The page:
Egyptian opposition figure Mohamed ElBaradei warned of the risk of a bloodbath after clashes in Cairo on Wednesday between opponents and supporters of President Hosni Mubarak.
ElBaradei repeated his call for Mubarak to step down immediately and accused the government of using "scare tactics" to try to cling on to power.
"I'm extremely concerned, I mean this is yet another symptom, or another indication, of a criminal regime using criminal acts," ElBaradei told BBC radio from Cairo, when asked about the clashes.
"My fear is that it will turn into a bloodbath," he added.
The fighting broke out as international pressure grew on Mubarak to quit and his closest ally, the United States, told him bluntly that a political transition must begin immediately.
Mubarak went on national television on Tuesday night to say he would not stand in elections scheduled for September, but ElBaradei repeated his call for him to go at onc and dismissed concessions offered by the president.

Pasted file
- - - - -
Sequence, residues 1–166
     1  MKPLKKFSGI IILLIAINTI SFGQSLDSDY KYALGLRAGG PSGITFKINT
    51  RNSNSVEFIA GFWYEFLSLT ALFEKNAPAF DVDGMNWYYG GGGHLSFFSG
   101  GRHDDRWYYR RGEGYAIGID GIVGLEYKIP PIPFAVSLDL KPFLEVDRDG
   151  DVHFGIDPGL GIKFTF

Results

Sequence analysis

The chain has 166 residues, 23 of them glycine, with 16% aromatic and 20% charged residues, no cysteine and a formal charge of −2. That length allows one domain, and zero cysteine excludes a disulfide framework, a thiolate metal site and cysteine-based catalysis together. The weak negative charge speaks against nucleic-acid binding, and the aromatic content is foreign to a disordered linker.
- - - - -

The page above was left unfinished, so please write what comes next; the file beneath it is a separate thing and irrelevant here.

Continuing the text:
"It seems to me that this is a regime that does not want to listen to the people, does not want to understand that they need to go, and in fact it strengthens the resolve of every Egyptian that Mr Mubarak has to go, has to go immediately before the country goes down the drain."
ElBaradei accused the government of encouraging clashes to try to end mass protests which have engulfed central Cairo over the past week.
"Now they want to get rid of millions of people who are demonstrating, and will continue to demonstrate, by scare tactics," he said.
ElBaradei said there was no reason to wait until elections scheduled for September for a change of ruler.
"Even if I take him on his word, why do I have to keep a representative of a regime which I believe is turning into a regime of thugs?
"Why do Egyptians have to keep him for seven months of instability, of insecurity, of intimidation?" he said.